It’s an easy trap to fall into - - to look at the best material that’s lasted from a time gone by and to assume that everything back then was as good. I’m aware of that, but I’ve still got to say that shows from the pre-digital era at least seem like their staffs wanted it more badly. INUYASHA has so much full animation - - the truly painstaking kind which features a ton of Z-axis motion - - that you’ve got to figure that the animators’ loved ones were being threatened on the condition of this show’s success.
And the plot moves at an exhilarating pace. I checked the time code at one point, thinking I might have accidentally clicked on a double-sized pilot, and was kind-of shocked to find this was just a 22-minute episode that packed 44 minutes of plot into its runtime. There’s no BS about doddering along to the meat of the story; not nonsense about it “getting good after episode 5.” INUYASHA hits the ground running and grabs immediately for your throat in much the same fashion that YU YU HAKUSHO’s opener did.
As I’ve said many times, Toonami wasn’t my formative experience for anime, so I don’t have any nostalgia for titles on its line-up and, thus, feel like my perspective is a little more objective. To be honest, this opener hasn’t hooked me as deeply as the other classic series I’ve covered here (it probably comes down to the design of our titular half-demon), but I’ve got much admiration for how properly it started its drama. There was a palpable sense of urgency here, and a genuine feeling of transgression when the curse was finally reversed. This is how you start a show.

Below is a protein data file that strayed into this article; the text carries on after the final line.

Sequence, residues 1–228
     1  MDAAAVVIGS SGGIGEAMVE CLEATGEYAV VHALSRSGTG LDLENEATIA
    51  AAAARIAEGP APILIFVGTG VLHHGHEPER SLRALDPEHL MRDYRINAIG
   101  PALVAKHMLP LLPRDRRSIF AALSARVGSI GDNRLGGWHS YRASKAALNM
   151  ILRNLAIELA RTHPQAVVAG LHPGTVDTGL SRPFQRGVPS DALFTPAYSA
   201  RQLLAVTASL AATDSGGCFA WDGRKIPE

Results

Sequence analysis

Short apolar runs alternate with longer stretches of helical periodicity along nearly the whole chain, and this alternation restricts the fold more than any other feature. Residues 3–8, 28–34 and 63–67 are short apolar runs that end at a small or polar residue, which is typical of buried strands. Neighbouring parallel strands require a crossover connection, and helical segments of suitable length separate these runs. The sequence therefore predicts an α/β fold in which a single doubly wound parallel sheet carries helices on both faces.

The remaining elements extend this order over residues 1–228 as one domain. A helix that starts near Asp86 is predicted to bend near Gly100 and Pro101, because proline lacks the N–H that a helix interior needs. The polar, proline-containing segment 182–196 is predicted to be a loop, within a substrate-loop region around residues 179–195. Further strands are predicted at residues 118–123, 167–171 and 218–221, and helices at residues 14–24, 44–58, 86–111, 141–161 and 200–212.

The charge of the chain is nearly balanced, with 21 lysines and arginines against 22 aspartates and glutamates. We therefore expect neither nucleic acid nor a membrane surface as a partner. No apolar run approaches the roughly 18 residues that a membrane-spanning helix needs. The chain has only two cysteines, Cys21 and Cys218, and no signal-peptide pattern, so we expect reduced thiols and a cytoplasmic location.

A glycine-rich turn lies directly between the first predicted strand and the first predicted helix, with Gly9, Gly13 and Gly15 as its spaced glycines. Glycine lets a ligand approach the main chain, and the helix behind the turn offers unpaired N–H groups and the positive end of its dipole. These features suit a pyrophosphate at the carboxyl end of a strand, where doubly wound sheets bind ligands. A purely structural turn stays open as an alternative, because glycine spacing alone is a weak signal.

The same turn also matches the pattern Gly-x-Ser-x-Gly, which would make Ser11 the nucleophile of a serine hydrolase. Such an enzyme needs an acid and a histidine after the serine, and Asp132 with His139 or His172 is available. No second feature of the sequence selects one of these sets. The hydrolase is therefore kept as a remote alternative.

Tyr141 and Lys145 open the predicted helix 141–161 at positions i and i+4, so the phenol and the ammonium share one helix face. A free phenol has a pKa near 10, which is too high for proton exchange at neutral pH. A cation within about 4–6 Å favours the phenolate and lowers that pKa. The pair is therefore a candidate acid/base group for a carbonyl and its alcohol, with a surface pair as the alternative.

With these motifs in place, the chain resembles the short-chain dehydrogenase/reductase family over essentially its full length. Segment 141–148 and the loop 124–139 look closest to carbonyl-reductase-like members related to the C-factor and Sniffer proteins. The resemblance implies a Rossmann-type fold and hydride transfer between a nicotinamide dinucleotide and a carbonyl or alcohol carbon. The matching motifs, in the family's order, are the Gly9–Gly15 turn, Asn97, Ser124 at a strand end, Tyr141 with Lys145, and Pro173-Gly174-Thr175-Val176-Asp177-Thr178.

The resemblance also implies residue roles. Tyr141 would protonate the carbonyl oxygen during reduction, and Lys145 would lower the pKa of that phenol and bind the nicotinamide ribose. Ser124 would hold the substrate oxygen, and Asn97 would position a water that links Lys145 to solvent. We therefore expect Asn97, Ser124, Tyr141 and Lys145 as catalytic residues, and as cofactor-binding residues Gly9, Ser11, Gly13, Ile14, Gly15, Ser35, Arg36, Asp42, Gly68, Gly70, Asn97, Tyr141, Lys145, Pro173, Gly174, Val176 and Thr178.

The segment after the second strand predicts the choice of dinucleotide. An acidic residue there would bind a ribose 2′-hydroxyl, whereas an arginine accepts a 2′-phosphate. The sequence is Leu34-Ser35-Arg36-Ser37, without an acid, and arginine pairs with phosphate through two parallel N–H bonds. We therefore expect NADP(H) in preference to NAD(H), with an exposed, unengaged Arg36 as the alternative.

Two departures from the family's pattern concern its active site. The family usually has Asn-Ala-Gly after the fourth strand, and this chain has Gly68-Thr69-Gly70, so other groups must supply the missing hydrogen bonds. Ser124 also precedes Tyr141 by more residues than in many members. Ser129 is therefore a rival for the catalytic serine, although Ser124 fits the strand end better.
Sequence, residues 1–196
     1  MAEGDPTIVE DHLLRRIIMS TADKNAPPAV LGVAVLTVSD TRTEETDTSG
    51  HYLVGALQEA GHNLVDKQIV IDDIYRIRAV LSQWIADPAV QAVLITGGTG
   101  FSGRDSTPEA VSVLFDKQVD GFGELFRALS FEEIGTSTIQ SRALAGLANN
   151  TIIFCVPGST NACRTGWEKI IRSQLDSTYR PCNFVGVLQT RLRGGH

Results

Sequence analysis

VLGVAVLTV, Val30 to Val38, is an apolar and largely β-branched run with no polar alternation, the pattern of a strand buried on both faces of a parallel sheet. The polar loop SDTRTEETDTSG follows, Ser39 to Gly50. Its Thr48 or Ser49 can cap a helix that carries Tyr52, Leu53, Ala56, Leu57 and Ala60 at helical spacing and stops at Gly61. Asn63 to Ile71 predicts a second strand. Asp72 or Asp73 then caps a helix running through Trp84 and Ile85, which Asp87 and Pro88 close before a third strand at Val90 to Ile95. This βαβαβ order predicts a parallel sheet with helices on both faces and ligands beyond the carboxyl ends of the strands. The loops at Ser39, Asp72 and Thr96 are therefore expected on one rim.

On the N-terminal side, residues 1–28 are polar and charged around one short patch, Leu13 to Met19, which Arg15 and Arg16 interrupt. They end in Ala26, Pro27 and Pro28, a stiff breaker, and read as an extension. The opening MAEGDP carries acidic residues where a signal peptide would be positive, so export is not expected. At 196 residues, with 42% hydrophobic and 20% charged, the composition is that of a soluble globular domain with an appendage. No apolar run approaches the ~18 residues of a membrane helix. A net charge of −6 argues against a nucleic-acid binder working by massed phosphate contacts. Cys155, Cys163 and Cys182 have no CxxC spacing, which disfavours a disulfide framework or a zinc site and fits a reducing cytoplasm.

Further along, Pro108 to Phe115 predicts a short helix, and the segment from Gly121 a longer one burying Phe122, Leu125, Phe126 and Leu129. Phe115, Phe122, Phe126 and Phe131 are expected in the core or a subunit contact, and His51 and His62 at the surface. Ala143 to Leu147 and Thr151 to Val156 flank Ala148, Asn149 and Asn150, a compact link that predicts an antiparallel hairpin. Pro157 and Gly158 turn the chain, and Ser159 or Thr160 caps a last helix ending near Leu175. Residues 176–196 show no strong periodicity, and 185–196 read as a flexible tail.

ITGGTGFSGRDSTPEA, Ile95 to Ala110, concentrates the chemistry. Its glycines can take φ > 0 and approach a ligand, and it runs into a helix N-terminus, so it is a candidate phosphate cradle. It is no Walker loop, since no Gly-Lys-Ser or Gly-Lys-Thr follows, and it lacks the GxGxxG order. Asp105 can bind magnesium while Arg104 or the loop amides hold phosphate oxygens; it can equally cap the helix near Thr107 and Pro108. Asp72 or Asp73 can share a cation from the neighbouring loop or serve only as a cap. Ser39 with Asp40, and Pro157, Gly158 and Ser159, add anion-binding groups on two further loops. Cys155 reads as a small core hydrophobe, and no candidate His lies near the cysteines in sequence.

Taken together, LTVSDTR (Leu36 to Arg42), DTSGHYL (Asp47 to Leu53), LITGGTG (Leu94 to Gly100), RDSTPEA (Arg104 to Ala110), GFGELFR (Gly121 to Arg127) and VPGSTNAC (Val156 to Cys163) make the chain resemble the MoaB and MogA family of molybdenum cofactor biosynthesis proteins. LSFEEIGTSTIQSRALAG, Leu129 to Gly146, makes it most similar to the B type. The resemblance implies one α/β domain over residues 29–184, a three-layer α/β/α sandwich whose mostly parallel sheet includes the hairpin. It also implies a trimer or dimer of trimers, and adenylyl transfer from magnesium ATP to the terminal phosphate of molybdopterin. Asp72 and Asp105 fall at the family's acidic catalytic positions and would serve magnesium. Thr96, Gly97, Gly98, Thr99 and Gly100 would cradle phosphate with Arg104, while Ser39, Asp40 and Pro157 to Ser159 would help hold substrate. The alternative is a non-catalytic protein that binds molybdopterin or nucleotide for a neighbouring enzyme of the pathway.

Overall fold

As a post-script, watching this show made me realize that the Japanese schoolgirl uniform is really strange, in of itself. I guess it fits that sailor-inspired fashion was mandatory in the 50’s or the 60’s - - Donald Duck might’ve been really popular - - but how has it endured this long after the 70's?
Watch this episode, "The Girl Who Overcame Time... and the Boy Who Was Just Overcome" here and decide for yourself.